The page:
• Don’t be in a Hurry– Crappie will give you more action if you are slow and steady with your jig and/or minnow. Try to avoid retrieving your cast too quickly. If you’re not getting any action and you know crappie are in the area then try slowing down.
  • Use a Topographical Map– Since depth is important when trying to fish for crappie you’ll want to make sure you use a topographical map of the body of water you’re fishing. A map will at least contain depths and in some instances sunken structures like fish beds. You don’t need to pay for these, there are tons of free ones available on the internet.

Crappie Fishing Records

Below is the world record crappie caught by anglers just like yourself. This information came from the IGFA (International Game Fish Association) at the time this content was written. While these type of records do change it’s not that often, you can look up crappie records in real time by visiting the IGFA website. Their is a link to their website in the additional resources on crappie section below. Who knows, in the future we might find your name in the top anglers for crappie because you used information on this web page!

Walleye World RecordJohn R. Hortsman caught a black crappie in a private lake in Missouri, USA on April 21st 2006 that weighted 2.26 kg (5 lbs. 0 oz.)

Walleye World RecordFred Bright caught a white crappie at Enid Dam in Mississippi, USA on July 31st 1957 that weighted 2.35 kg (5 lbs, 3 oz.)

Crappie Facts

We’ve put together for you some basic facts and data about crappie. This information is useful to better understand this type of popular game fish and to get an idea of what to expect when fishing for them. The maximum weight and length is from the latest all-time record at the time this information was written. It may have changed slightly, but that is only for the top 0.5% of crappie you’ll find in the wild.

  • Scientific Name: Pomoxis annularis (white) & Pomoxis nigromaculatus (black)
  • Nickname(s): Papermouth, Sac-a-lait, slab, speck and speckled perch
  • Average Lifespan: 10 years in the wild and 12 years in captivity
  • Length: Up to 20″ for white crappie and 19″ for black crappie
  • Weight: Up to 5 pounds, average is quarter to half pound
  • Range: North America
  • Spawning Water Temperature: Black crappie 58-64 degrees and white crappie 60-65 degrees

 

 

Health Benefits of Fishing

For many, fishing is a personal escape that provides great benefits for your mind and soul in the calming atmosphere.

Did you know that fishing is also an excellent physical activity as well?

Yes, if you are looking to keep your physical and mental body in shape and prolong your overall health, fishing is one of the best activities you can be regularly involved in.

Physical Benefits

If you are genuinely proactive and conscious about your fishing habits, this can be a great way to keep your physical body in great shape.

If you are lounging back in a lawn chair on the side of the pond with your line just sitting there however, you are not going to find too many physical health benefits from doing this for several hours.

If you are able to, consider going to a more remote location for your fishing where you have to hike back to a pond or river a couple of miles in.

Once you reach a spot like this, be sure you are standing up the entire time you are fishing and try and move around to different areas on the water. By constantly moving your body and finding different locations, you will not only increase your chances of catching a fish, but better your physical body.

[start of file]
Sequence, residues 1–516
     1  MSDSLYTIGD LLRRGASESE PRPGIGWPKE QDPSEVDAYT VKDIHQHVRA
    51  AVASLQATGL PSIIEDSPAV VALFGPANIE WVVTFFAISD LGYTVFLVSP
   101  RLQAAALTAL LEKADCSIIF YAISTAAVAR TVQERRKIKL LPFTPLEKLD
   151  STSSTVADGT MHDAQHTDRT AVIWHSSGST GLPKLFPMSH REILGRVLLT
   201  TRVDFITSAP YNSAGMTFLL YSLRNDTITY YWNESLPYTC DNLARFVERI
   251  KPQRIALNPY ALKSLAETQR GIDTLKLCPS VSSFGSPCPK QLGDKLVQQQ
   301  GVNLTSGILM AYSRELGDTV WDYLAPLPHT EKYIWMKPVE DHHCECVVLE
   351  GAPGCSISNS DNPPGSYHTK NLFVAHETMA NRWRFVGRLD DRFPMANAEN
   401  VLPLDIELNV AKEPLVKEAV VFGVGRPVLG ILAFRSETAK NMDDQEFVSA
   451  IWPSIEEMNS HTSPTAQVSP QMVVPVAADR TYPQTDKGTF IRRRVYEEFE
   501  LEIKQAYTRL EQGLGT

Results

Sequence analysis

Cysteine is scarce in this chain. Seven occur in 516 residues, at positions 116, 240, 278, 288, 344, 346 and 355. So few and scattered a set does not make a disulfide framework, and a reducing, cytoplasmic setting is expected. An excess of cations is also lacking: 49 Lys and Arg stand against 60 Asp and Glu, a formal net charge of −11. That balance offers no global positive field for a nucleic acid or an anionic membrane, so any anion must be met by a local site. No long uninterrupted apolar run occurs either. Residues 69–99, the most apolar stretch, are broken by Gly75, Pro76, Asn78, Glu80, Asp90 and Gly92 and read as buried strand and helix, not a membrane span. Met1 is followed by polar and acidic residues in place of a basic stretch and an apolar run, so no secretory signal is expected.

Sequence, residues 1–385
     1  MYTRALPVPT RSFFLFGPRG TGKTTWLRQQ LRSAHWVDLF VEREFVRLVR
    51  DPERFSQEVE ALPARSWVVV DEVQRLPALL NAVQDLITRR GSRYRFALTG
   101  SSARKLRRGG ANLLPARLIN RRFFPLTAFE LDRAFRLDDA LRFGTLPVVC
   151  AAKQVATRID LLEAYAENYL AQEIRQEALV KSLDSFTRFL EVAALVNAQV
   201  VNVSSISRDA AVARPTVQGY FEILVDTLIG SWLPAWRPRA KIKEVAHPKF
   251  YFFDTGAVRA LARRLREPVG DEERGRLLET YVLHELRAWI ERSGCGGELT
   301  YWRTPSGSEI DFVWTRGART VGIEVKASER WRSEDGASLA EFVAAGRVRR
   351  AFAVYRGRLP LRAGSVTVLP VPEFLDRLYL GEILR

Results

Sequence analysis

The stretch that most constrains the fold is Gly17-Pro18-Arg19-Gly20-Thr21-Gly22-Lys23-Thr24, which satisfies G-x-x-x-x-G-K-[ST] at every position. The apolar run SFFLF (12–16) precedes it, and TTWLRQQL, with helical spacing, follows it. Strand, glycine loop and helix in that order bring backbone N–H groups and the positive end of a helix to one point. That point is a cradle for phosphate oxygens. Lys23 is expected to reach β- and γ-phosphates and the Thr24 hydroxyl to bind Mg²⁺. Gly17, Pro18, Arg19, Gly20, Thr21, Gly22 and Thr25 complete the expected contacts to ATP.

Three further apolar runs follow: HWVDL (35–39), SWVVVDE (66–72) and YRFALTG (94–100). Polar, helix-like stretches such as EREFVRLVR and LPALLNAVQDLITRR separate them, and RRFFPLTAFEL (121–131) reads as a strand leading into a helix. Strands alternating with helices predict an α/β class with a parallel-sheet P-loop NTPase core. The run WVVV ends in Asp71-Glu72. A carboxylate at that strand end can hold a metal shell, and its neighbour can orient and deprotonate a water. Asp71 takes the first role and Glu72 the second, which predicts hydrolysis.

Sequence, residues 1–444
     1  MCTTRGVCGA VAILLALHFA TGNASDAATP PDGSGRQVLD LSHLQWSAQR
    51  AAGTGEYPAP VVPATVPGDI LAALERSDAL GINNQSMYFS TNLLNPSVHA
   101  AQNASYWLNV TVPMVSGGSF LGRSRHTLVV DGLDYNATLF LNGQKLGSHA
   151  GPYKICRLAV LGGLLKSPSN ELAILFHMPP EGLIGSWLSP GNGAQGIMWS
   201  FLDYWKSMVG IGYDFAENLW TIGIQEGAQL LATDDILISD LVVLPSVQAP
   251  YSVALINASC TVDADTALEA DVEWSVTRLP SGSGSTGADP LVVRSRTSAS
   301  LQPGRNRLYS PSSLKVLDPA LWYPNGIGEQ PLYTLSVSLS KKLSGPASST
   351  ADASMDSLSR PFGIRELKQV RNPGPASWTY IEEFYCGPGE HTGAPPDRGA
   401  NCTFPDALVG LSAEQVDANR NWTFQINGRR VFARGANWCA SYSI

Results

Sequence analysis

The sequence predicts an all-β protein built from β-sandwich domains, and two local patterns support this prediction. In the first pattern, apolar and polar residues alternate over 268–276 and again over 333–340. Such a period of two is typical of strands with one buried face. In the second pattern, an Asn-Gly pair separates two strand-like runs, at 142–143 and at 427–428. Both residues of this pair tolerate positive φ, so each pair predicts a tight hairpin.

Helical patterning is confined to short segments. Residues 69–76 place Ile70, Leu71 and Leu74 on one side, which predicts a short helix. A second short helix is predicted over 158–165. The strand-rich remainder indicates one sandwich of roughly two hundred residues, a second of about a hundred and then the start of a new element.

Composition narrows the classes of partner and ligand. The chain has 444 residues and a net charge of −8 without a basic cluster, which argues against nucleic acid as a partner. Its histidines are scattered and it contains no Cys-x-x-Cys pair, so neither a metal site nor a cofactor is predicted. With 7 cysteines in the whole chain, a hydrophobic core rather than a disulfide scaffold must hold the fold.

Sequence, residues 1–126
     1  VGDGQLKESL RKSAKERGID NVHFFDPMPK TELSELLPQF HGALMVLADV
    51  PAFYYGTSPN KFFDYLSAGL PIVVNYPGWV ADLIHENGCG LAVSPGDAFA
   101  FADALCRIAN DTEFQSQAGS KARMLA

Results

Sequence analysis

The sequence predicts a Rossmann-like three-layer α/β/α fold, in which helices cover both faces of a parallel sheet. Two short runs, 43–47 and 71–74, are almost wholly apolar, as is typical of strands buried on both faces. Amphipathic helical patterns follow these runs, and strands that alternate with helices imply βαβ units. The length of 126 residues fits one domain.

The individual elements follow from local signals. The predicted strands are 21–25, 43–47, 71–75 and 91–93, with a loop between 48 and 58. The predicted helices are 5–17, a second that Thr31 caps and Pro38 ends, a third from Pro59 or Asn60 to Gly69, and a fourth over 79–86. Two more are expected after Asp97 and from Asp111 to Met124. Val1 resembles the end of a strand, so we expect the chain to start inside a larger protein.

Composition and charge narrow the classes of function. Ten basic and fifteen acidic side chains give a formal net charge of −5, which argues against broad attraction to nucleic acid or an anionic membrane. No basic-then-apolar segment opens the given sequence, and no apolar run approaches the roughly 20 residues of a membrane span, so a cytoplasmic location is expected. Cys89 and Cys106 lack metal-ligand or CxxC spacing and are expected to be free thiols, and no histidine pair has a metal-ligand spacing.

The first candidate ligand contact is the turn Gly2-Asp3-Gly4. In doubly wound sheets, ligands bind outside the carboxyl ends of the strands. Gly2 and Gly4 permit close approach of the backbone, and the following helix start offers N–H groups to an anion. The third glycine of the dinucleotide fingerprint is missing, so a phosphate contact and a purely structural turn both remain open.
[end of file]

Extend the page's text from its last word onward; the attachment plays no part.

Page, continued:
These strategies can do wonders for your heart health, but you can also do great work for the rest of your body such as getting quality muscle workouts, exposing yourself to clean, fresh are, and getting natural vitamin D in your body from a little sun exposure.

Did you know that fishing can also have a tremendous effect on the overall health of your brain as well?

A study done in Japan showed that those who were exposed to the woods on a regular basis has significantly lower blood pressure and pulse rates.

Mental Benefits

One of the most obvious benefits for those who are fishing on a regular basis is the relaxed state of mind it puts you in. The calmness and serenity of being out on the water or in the woods alone can relieve a lot of stress you may be aware or unaware of.

Fishing can also help you boost your critical thinking and problem solving skills, while improving your overall mental fortitude.

If you haven’t caught a fish in a while or keep hooking the same one and can’t reel them in, this is naturally going to test your patience and overall mental strength.

Scenarios like this can help you figure out different ways to attack the fish from different angles and come up with alternative strategies in order to put yourself in the best possible position to catch the fish.

Once you do reel that big game in, your confidence can be boosted tremendously, which can lead to better performance in other areas of your life.

As the old saying goes, a bad day of fishing is better than a good day at work.

 

 

Plano 3740 Waterproof Stowaway

Plano Waterproof Stowaway

Plano has introduced an enhanced version of the industry-standard StowAway boxes: the Waterproof StowAway. Utilizing what Plano calls the Dri-Loc Seal and three cam-action latches, the box locks down tight and seals out moisture to protect tackle from rust. Additionally,  the tight fit keeps tackle where you put it, so you’re not left picking apart hooks and other tiny pieces. The Waterproof StowAway  is available in Plano sizes 3440, 3540, 3640, 3740 and 3741 to match many of the most popular tackle-storage products the company makes. Retail price is $6.99 to $14.99.

 

Basic Trout fishing – How to rig a Jig under a Cork.

float types

Basic Trout fishing – How to rig a Jig under a Cork.